Serious hunger and malnutrition loom for millions of refugees across Eastern Africa who depend on assistance from the United Nations World Food Programme (WFP) to survive, as the socio-economic impact of the COVID-19 pandemic reduces vital funding from donors.
WFP has already been forced to reduce food or cash transfers by between 10 to 30 per cent for over 2.7 million refugees in Ethiopia, Uganda, Kenya, South Sudan, and Djibouti. WFP will be forced to cut deeper in the coming months unless urgent additional funding is received in time.
“Refugees are especially vulnerable to the spread of COVID-19 because they are crowded together in camps with weak or inadequate shelter, health services and access to clean water and sanitation,” said WFP Eastern Africa Regional Director Michael Dunford said in the statement from WFP
Refugees are also affected both by the wider socio-economic impact of the pandemic as well as by the disease itself.
The most vulnerable women, children and elderly are increasingly at risk of becoming malnourished, which can, in turn, impact their immune systems and increase their risk of being infected by a disease, a tragic vicious cycle in the midst of a pandemic.
“With COVID yet to peak in East Africa, we cannot turn our backs on people forced to flee and stuck in remote camps,” Dunford added. “Many have already lost the few opportunities to earn money due to the economic downturn caused by COVID-19 restrictions.”
WFP requires $323 million to assist refugees in the region over the next six months – this is 22 per cent greater than during the same period a year earlier.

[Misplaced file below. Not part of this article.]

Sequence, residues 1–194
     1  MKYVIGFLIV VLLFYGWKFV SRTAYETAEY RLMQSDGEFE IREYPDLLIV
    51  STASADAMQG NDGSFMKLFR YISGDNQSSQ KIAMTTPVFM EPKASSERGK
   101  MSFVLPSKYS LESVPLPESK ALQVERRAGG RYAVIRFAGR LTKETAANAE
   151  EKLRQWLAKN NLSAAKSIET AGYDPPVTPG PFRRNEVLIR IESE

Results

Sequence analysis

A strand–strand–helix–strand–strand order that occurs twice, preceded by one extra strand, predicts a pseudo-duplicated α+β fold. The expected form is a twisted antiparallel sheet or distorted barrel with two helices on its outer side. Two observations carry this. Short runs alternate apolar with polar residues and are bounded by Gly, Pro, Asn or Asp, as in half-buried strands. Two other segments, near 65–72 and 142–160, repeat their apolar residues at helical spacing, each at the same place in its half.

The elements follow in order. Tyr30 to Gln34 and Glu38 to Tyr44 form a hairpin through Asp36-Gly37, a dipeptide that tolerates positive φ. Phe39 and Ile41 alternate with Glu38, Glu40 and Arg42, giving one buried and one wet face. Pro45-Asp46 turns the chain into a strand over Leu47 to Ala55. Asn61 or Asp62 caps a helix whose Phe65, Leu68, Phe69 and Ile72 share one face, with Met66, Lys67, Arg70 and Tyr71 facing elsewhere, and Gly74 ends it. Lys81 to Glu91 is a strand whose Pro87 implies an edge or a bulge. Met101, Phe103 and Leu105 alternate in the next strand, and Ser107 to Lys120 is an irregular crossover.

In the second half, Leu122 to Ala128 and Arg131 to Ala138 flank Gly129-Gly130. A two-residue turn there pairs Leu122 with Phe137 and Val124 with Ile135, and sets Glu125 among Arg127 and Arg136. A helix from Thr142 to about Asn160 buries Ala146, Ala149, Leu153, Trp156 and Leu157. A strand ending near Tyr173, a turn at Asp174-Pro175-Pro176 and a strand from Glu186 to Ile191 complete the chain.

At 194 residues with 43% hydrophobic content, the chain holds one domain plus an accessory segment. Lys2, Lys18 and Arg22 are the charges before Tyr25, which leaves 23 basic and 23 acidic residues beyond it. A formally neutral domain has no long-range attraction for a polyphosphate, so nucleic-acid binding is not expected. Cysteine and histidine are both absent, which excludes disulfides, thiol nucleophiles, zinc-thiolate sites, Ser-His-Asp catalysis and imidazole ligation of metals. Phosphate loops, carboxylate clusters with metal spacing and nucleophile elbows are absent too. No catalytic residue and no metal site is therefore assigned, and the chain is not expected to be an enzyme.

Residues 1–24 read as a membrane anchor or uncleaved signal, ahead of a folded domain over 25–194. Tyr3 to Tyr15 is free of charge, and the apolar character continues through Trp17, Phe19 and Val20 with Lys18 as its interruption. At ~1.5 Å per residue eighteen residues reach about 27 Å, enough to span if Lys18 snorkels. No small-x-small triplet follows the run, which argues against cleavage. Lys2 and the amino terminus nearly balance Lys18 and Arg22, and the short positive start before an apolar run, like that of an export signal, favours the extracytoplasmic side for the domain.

COVID-19 restrictions closed schools in refugee camps, meaning that children missed out on vital school meals in Ethiopia, Kenya, South Sudan, Rwanda and Uganda. In all these countries except in Rwanda, funding shortages meant that WFP was unable to provide take-home rations to refugee children to help them study at home and stay nourished.
Extended school closures can lead to increased teenage pregnancies, sexual abuse, early marriage, violence at home, child labour and high school dropouts.
They threaten to erode hard-won gains made over the years to improve access to quality schooling for refugees in camps. Women and girl refugees are also at heightened risk of gender-based violence, sexual exploitation and abuse, in addition to resorting to having sex for payment in order to survive. People with disabilities and unaccompanied or separated children are the most vulnerable.
“Sadly, it is the poorest and most disadvantaged who suffer the most,” said Dunford. “But we simply cannot let this happen. COVID-19 cannot be an excuse for the world to turn its back on refugees at this terrible time.”
The situation is so serious for refugees that WFP is appealing both to traditional donors and new would-be donors, such as International Financial Institutions (IFIs), to step forward and assist refugees – precisely because their vulnerability only increased with COVID-19.
Donors such as the World Bank have stepped up to support governments in the region to assist poor people living in informal settlements in urban areas after millions lost their livelihoods due to the economic downturns triggered by COVID-19 restrictions.
If WFP is forced to continue cutting rations for refugees, this could prompt refugee communities to move within host countries or even across borders as they become more desperate to meet their basic needs. Such movements could not come at a worse time – with the coronavirus spreading.
BY SAMUEL NABWIISO